Mass Deworming Programs in Middle Childhood and Adolescence
Bundy DAP., Appleby LJ., Bradley M., Croke K., Hollingsworth TD., Pullan R., Turner HC., Silva ND.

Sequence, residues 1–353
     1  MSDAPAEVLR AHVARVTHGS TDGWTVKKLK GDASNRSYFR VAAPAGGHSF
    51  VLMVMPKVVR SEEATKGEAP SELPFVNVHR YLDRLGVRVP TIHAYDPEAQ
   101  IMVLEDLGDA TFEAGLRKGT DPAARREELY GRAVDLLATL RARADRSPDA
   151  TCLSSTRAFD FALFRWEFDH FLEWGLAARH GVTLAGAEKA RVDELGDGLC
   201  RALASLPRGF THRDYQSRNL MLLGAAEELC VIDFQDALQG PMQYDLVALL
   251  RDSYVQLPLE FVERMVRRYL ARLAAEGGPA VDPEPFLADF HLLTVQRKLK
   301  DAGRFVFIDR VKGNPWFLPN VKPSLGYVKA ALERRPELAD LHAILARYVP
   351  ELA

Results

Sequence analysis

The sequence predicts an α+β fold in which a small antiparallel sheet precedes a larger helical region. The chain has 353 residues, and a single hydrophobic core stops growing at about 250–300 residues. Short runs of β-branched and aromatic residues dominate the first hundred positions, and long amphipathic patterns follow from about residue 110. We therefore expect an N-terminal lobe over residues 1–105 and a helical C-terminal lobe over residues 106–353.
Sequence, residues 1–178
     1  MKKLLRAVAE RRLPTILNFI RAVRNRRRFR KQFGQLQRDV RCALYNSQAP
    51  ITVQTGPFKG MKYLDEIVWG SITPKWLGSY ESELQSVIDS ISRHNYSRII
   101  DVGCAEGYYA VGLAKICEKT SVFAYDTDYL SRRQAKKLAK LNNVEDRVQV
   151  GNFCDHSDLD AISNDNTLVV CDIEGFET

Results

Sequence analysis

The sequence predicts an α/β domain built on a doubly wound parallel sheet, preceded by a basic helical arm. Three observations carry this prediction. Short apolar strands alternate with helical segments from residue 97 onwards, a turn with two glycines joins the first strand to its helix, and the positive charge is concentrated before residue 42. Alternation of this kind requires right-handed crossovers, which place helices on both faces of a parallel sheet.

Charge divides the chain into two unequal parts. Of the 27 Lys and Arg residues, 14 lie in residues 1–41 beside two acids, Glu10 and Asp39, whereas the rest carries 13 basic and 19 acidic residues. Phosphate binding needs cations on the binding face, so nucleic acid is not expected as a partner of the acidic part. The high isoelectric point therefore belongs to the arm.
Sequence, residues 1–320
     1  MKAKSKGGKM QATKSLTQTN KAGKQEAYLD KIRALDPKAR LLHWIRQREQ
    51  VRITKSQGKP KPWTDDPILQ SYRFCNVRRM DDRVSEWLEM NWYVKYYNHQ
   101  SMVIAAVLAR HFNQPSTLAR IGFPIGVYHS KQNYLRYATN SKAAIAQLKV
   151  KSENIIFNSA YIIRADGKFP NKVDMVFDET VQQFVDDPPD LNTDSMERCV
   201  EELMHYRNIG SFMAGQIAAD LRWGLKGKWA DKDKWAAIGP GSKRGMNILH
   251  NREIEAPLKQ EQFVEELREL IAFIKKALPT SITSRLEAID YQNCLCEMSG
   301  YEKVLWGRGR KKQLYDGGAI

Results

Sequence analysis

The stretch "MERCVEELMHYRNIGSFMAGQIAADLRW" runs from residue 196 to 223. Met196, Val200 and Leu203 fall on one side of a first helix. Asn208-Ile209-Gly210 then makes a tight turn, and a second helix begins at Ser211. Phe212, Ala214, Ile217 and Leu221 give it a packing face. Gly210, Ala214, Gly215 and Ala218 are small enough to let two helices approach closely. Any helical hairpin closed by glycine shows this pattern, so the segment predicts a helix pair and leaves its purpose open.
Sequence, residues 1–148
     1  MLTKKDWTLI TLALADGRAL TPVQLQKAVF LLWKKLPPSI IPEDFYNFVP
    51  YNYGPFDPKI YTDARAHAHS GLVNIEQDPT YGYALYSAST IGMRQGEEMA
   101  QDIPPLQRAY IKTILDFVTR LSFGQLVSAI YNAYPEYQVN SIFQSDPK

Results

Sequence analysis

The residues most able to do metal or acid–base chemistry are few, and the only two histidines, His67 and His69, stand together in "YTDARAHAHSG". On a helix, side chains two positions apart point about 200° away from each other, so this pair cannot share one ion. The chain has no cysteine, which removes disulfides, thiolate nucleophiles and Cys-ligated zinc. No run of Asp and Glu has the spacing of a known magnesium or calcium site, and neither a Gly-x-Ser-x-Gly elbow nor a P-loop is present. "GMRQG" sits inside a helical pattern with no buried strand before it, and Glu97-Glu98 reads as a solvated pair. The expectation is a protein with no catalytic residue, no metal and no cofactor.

The current debate on deworming presents an interesting public health paradox. Self-treatment for intestinal worm infection is among the most common self-administered public health interventions, and the delivery of donated drugs through mass drug administration (MDA) programs for soil-transmitted helminths (STHs) exceeds 1 billion doses annually. The clinical literature, especially the older historical work, shows significant impacts of intense STH infection on health; a burgeoning economics literature shows the long-run consequences for development (see, for example, chapter 29 in this volume, Ahuja and others 2017; Fitzpatrick and others 2017). Yet, the literature on clinical trials shows conflicting results, and the resulting controversy has been characterized as the worm wars. The two previous editions of Disease Control Priorities contain chapters on STH and deworming programs (Hotez and others 2006; Warren and others 1993). Much of the biological and clinical understanding reflected in those chapters remains largely unchanged. This chapter presents current estimates of the numbers infected and the disease burden attributable to STH infections to illuminate current program efforts, advances in the understanding of epidemiology and program design, and the controversy regarding the measurement of impact. Definitions of age groupings and age-specific terminology used in this volume can be found in chapter 1 (Bundy, de Silva, and others 2017).